Changing Learning, Changing Lives

16 May 2022

New law could make it harder to detain people with learning disabilities and Autism under MHA

A new draft Bill to reform the Mental Health Act (MHA) will be consulted on by MPs, the government announced last week. 

The purpose of the Bill will be to ensure that people with mental health conditions have greater control over their treatment and make it easier for people with a learning disability and autistic people to be discharged from hospital. 

To do this, the term ‘mental disorder’ will be redefined. Currently, autism is classed as a “mental disorder” under the Act, and anyone with a learning disability can be detained is they present with “abnormally aggressive or seriously irresponsible conduct”. 

While current laws allow treatment to be imposed on patients against their wishes, the draft bill will allow them to voice a preference or refuse a specific treatment where a suitable alternative is available. 

The draft legislation also includes proposals to rebalance the threshold for detention – by ensuring that decisions must balance risk to the public and therapeutic benefit to the patient – and ensuring that all patients receive a timely plan on care and the route to their discharge. 

It also proposes reducing the use of community treatment orders, which mean people remain supervised in their community and can be sent back to hospital, and which can include restrictions such as where a person has to live.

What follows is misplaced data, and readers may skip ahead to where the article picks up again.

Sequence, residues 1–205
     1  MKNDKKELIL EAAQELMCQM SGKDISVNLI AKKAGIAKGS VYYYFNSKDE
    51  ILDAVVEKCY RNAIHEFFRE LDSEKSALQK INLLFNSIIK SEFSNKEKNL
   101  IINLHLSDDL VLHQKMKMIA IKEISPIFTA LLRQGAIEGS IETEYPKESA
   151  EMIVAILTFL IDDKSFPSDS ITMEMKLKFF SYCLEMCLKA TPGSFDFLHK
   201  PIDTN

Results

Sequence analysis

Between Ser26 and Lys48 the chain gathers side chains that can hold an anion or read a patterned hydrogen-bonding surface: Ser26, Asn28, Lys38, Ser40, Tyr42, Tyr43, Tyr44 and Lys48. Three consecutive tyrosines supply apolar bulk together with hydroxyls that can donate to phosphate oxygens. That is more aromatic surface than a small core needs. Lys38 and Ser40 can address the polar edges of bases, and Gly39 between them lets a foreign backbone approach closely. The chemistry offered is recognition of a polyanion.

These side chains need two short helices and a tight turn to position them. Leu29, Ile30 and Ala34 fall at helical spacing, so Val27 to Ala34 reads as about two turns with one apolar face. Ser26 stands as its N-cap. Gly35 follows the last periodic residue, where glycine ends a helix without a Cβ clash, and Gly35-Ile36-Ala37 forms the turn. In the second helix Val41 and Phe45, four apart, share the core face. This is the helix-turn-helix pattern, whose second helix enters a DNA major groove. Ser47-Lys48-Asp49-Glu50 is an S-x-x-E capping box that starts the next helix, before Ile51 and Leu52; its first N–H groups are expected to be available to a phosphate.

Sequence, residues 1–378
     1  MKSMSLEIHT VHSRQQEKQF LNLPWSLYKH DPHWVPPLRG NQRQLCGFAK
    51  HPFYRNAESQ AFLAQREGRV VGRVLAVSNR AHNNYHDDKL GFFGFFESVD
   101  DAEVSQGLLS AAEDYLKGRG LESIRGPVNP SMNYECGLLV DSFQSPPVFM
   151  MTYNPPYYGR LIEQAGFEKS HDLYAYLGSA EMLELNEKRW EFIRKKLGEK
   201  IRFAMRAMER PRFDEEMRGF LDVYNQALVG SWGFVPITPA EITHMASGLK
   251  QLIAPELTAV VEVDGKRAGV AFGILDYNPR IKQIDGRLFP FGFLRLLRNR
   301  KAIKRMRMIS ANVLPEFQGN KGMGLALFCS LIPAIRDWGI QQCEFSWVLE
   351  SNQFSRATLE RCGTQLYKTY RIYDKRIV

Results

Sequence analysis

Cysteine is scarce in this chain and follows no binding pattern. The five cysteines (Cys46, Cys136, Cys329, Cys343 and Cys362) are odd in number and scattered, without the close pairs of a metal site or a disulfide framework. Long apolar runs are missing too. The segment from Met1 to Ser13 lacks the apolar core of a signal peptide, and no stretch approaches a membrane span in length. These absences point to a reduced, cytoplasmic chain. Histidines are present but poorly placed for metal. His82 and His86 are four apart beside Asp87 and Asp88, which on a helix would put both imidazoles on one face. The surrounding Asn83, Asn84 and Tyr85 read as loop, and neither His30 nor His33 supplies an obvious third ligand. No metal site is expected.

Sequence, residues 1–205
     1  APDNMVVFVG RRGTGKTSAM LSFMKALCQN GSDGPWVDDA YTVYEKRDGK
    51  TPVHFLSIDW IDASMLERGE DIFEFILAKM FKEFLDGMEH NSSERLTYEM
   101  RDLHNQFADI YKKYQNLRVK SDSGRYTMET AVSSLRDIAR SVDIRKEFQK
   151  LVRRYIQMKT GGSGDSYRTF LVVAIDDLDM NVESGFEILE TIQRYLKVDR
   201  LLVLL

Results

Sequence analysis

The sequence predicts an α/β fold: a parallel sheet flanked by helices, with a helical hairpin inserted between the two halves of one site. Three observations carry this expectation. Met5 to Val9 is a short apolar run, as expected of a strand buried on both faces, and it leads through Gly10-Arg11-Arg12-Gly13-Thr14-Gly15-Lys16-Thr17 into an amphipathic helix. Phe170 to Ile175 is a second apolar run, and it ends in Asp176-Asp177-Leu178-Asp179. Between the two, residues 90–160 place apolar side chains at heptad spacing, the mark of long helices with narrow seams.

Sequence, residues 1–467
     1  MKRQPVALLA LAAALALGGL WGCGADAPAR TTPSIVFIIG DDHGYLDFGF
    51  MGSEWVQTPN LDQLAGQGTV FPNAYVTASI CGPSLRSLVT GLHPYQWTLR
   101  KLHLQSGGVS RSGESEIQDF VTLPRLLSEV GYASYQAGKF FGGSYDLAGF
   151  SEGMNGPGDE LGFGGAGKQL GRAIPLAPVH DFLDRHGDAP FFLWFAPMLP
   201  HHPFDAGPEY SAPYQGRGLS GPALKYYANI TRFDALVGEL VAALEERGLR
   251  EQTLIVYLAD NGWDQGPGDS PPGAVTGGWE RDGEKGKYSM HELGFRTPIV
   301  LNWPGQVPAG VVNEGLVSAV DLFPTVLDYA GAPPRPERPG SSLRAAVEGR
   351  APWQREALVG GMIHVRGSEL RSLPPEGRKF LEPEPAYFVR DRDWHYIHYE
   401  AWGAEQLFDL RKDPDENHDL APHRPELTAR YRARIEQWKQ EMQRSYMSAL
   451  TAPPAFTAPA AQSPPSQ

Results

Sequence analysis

Boris Johnson said: “Our mental health laws are antiquated. Every person deserves to be treated with dignity, and it is our duty to ensure the rights and freedoms of our most vulnerable in society are protected and respected.” 

Downing Street said the reforms would help tackle disparities and reduce the number of people from minority ethnic backgrounds, in particular black African-Caribbean communities, detained under the act. 

The proposed reforms have been welcomed by disability charities and organisations, but campaigners say they are long overdue and action must be urgently taken to ensure community care is available to those who no longer need to be in hospital. 

The Baked Bean Charity’s CEO, Sarah Gentles, said “We feel that Autism should never be classed as a mental disorder, so we really support the news that a new mental health law would make it harder to detain those whole fall into this group. We’re looking forward to seeing the outcome of this reform.”